The Art and Craft of Editing: Preparation, Selection, Satisfaction
Article by Sarah (Lingley) Williams, of Lingley editing services, LLC
I am ecstatic for the opportunity to share my thoughts with you about what I call “The Art and Craft of Editing.” I have been freelance editing for several years now; when people ask what I do for a living, I usually get one of two responses. “Oh, that’s awesome!” or “You do what?”
Often, those who respond with “You do what?” know what editing is, but have never viewed it as fundamental to life as it is. Editing combines the craft of understanding the rules of language, punctuation and grammar with the art of knowing how and when to apply or manipulate these rules for the overall benefit of the document.
I refer to editing as an art and craft because, unlike some things that are perceived as a science, it is based on rules and standards that can be learned and practiced by most everyone. To some, fluency with language and words comes more naturally than it does to others, but the guidelines are there for all to utilize and master.
As a published author, I know the feelings that accompany writing a document and wanting perfection. Our work is our heart and soul; we worry over whether or not every sentence is excellent, whether or not we missed a comma, and whether or not the content flows for the reader with the same fervency it flows for us. Our fear that we overlooked an error is real and tangible. I understand the value of someone else reviewing my work, but am afraid to let this part of me out of my grip.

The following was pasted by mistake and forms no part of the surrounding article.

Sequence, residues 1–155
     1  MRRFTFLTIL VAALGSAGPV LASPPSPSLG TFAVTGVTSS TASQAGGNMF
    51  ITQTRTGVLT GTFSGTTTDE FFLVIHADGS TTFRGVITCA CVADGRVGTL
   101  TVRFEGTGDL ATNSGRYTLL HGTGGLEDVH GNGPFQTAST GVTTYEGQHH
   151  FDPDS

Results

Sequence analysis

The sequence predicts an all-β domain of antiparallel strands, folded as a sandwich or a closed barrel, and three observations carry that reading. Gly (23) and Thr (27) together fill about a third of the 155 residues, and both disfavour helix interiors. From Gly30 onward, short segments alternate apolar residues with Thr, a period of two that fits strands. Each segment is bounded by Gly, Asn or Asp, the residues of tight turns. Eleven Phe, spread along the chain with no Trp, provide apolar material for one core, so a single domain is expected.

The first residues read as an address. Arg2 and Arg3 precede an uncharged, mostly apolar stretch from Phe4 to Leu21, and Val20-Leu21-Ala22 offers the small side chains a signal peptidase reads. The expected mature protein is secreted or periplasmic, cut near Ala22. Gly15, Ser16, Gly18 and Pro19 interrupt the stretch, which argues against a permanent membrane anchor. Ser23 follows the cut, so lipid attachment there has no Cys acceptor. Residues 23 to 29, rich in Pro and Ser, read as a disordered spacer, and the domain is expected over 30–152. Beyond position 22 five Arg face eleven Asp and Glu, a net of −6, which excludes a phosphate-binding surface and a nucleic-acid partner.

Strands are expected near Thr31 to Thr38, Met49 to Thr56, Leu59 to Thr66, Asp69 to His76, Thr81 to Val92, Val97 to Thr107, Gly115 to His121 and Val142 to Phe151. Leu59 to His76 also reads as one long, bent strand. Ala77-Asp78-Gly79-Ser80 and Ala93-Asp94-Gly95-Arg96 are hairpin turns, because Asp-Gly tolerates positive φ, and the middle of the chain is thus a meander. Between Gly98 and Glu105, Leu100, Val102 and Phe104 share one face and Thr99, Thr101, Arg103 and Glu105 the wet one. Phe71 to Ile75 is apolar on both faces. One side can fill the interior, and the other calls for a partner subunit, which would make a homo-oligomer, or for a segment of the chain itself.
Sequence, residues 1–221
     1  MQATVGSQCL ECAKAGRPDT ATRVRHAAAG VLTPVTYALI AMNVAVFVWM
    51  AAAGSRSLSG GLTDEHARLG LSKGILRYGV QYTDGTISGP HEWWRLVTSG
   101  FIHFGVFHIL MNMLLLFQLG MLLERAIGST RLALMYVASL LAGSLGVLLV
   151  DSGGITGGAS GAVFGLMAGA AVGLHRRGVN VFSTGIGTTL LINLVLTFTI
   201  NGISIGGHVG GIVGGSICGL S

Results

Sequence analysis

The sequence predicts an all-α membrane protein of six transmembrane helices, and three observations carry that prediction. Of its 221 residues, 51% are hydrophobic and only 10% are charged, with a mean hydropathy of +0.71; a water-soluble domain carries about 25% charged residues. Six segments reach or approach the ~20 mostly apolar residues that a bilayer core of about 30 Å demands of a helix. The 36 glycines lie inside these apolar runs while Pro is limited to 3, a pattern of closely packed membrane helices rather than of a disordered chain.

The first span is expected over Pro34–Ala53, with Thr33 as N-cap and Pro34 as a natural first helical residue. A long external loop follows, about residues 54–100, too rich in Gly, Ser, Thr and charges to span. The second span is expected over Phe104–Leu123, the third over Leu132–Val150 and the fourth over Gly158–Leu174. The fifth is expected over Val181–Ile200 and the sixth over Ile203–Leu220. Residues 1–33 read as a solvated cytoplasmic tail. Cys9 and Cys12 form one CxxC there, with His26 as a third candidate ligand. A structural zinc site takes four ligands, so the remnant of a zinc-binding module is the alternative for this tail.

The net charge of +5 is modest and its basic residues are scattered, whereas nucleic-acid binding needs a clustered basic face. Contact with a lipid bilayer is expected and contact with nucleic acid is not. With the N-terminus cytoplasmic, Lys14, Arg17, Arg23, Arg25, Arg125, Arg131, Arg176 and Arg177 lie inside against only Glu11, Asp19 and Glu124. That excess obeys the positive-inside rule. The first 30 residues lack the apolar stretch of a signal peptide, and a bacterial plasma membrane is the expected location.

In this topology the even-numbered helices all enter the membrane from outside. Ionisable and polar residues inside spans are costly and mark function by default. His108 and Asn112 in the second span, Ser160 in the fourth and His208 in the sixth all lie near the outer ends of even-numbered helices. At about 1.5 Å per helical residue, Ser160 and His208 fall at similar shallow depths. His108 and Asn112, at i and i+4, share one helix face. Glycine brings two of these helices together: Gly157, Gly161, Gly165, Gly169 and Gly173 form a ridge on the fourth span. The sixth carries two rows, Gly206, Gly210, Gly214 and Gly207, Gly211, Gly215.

Maybe you are living this daily struggle as you complete your document, or perhaps you have experienced these feelings in the past. For those of you just starting out, this scenario may be unfamiliar. Wherever each of you are, my hope is that this article calms your fears and gives you the necessary confidence to prepare, select and receive a satisfactorily edited document.
Your work is complete. Perhaps you have a three-page article, a fifty-page thesis, or a 60,000 word manuscript. You’ve read it over and reworked it. But preparing for an editor requires a few more steps:
1) Let someone else read it; a friend, a colleague, a fellow writer
2) Reread your work with a fresh perspective; step away for a day, a week
3) Run a spell check and grammar check; double check formatting
These steps may seem mundane, but they are invaluable. It is embarrassing to receive your edited document and find that you missed simple things; it is time consuming for an editor to correct multiple findings of “adn,” “teh,” and double indents. Remember, time equals money and no one has limitless amounts of either.
Preparing your work for an editor is a crucial step, and one that should never be overlooked. While an editor exists to polish and hone, never should you deliver a sloppy document. As a writer, you should value the plethora of words at your disposal; there is no need to overuse uncreative tag lines like “said” and “thought,” or such lifeless dialogs as: